27 september 2021
Strasbourg is the leading bicycle city in France and a constant source of inspiration for all French cities that want to promote cycling. With a modal share of 11% for the Metropolis and 15% in the city centre, it remains however somewhat below Europe’s leading cycling cities, but still ahead of Bordeaux or Grenoble, two cities which are progressing rapidly. How has the Strasbourg bicycle system developed? And can it serve as a model for other French cities?
In France, Strasbourg keeps implementing more and more bike-friendly innovations, most often by drawing inspiration from the best practices in foreign countries. Yet it’s worth dispelling one common misconception from the get-go: if Strasbourg has become so bike-friendly, it isn’t because of its proximity to Germany or especially to the city of Karlsruhe where cycling enjoys a modal share of 24%. In Bordeaux, for instance, where bicycle travel keeps growing, it would be hard to argue for any German influence. Meanwhile, Mulhouse, which is close to the very bike-friendly cities of Basel and Fribourg, only has a modest modal share of 2%, while Tourcoing, which is only 12 km from Courtrai, only has a modal share of 1%. We will therefore have to abandon this simplistic culturalist approach in order to explain Strasbourg’s evolution. After presenting the context, we will discuss some of the steps that facilitated the development of cycling, before introducing the measures that allowed for the development of a bicycle system.
In the post-war years, Strasbourg wasn’t much different from other major French cities.
Strasbourg is today a city of 285,000 inhabitants. The metropolis has 505,000 inhabitants and an urban area of 785,000 inhabitants. Enclosed in its historic fortifications until the end of the 19th century, the inherited city is very dense. Suburbanisation extended the urban growth in the near periphery until the middle of the 20th century. Social housing estates were hastily built on the outskirts, from the 1950s to the 1970s. Since then, residential areas have greatly expanded the villages in the periphery. The urban area’s expansion is limited to the east by the Rhine and its port, and is located in the highly dense Plain of Alsace (400 inhabitants/km2).
The city is almost entirely flat (with some hillsides to the west) and has many rivers and canals. In 1968, together with some other large cities, it established and became part of an urban community (the CUS, Communauté Urbaine de Strasbourg) and, from the outset, became responsible for transport, thus helping it construct a coherent policy in this domain. An urban planning agency was created in the process to assist this (later named ADEUS – Agency for the development and urban planning of the Strasbourg agglomeration).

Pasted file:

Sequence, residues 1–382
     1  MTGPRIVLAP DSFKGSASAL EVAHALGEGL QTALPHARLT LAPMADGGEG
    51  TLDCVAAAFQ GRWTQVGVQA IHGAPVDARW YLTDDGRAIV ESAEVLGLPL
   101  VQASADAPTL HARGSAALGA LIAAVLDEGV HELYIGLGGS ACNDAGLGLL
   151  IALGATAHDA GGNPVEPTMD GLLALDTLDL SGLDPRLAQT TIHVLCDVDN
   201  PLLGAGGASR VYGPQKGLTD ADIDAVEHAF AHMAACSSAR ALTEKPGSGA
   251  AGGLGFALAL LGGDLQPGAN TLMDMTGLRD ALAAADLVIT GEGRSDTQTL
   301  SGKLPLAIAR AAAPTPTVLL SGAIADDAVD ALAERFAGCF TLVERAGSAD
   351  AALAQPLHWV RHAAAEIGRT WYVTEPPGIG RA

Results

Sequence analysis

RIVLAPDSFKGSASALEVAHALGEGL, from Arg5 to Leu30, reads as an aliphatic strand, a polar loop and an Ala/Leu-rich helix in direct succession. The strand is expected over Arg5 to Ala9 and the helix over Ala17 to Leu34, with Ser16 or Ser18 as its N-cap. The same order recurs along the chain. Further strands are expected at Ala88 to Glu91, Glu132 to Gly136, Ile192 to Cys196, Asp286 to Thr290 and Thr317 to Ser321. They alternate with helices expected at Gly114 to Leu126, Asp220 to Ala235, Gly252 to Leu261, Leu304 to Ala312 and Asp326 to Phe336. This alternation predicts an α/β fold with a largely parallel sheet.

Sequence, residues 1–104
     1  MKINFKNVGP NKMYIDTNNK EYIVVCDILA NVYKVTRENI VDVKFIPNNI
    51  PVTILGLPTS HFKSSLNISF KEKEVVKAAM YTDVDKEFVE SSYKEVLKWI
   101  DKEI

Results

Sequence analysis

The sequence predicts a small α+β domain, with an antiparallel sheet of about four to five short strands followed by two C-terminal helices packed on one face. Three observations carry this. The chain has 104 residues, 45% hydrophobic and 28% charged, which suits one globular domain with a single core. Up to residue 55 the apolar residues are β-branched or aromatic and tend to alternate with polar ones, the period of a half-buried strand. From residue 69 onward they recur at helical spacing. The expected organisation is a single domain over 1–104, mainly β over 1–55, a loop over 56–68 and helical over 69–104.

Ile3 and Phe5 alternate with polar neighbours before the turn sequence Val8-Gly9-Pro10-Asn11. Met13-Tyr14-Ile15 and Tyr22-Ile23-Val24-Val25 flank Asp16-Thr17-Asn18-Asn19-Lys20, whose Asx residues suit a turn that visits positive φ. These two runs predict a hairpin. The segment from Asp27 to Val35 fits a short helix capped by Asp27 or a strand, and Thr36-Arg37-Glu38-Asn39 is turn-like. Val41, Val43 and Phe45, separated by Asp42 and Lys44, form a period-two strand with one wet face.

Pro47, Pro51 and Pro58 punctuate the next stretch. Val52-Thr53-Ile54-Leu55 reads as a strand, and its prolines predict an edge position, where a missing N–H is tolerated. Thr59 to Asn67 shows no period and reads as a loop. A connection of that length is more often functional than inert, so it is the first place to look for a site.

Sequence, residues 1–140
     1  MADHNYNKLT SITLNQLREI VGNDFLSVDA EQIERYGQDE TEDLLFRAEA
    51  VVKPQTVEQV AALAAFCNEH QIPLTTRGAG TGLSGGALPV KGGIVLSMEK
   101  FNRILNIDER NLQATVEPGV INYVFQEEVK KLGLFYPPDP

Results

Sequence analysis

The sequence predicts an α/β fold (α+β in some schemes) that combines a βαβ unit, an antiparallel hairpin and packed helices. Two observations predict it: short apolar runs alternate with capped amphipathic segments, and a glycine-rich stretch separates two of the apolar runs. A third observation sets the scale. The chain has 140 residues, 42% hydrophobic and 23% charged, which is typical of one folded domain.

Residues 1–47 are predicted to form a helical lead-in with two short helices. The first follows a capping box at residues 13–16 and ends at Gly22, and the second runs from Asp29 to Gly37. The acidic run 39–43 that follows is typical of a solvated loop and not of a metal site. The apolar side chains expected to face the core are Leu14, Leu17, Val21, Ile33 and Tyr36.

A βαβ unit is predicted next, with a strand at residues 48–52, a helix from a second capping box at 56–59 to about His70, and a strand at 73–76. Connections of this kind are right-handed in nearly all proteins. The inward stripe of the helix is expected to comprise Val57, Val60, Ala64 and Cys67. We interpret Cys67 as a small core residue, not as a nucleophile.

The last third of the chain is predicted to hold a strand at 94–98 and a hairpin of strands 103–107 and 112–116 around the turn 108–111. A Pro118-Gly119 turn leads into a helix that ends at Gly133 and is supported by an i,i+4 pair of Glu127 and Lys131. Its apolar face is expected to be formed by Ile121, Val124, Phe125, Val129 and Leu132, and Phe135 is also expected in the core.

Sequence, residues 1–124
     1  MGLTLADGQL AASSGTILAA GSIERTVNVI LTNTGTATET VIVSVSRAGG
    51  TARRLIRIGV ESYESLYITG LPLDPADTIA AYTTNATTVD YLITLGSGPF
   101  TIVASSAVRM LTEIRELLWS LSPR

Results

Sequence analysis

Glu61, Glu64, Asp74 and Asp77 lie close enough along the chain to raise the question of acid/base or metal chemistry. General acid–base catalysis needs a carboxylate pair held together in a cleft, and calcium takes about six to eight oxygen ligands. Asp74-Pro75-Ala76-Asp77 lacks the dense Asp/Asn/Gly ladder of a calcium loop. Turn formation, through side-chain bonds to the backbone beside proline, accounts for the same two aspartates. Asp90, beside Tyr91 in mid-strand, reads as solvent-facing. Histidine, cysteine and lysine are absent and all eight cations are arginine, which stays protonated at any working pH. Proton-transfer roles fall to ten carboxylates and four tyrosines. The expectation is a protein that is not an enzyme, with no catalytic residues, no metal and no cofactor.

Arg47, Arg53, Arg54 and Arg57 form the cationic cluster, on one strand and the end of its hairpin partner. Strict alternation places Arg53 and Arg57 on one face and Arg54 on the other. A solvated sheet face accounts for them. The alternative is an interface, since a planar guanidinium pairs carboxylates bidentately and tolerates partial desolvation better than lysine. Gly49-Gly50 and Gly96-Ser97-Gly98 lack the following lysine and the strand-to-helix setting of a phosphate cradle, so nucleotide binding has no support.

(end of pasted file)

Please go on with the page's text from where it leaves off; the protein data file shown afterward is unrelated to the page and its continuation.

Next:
To cope with the very rapid growth of motorisation, as in all major French cities, the French government took two major initiatives.
1/ From the 1950s, it designed a spider-web motorway network around the city, to "preserve the centre" by keeping cars away, while facilitating access to it. This network is now almost complete, except in the east, as the Autonomous Port has always refused to sell its land. As a result, a very congested motorway (the A35) bypasses the city centre to the west, less than a kilometre from the cathedral, on what was supposed to remain a green belt (see Figure 1). Today, and despite strong opposition, the Great Western Bypass is under construction, always with the argument of preserving the centre.
2/ In 1971, the government drew up a traffic plan that established one-way traffic on main roads, coordinated junctions with traffic lights and created off-street parking facilities. As a result, two main roads traverse the city centre, one going north-to-south (50,000 vehicles per day) and one going east-to-west (30,000 vehicles per day).
Consequently, just like everywhere else in France and even in Europe, throughout the 1960s and 1970s cycling was in free fall. But despite this unfavourable context, Strasbourg managed to save cycling from disappearing altogether, thanks to a mix of fortuitous circumstances and deliberate initiatives in which a few individuals, who deserve mentioning, played a prominent role.
The three decades from the 1970s to the 1990s were crucial for the future of cycling in Strasbourg and are worth recounting.
In the early 1970s, the government realised that cars would never be able to cover all trips people needed to make and that it would have to reinvest in public transport. Because Strasbourg couldn’t afford to build a metro, in 1975 it opted for constructing a tramway. But the old tram system was only decommissioned in 1960, 12 years earlier. And building a tram means shutting down traffic through the city centre. Strasbourg was hesitant. In 1983, a pro-car mayor was elected, and in 1986, the city decided to build a metro, but construction was delayed to avoid works during the 1989 elections.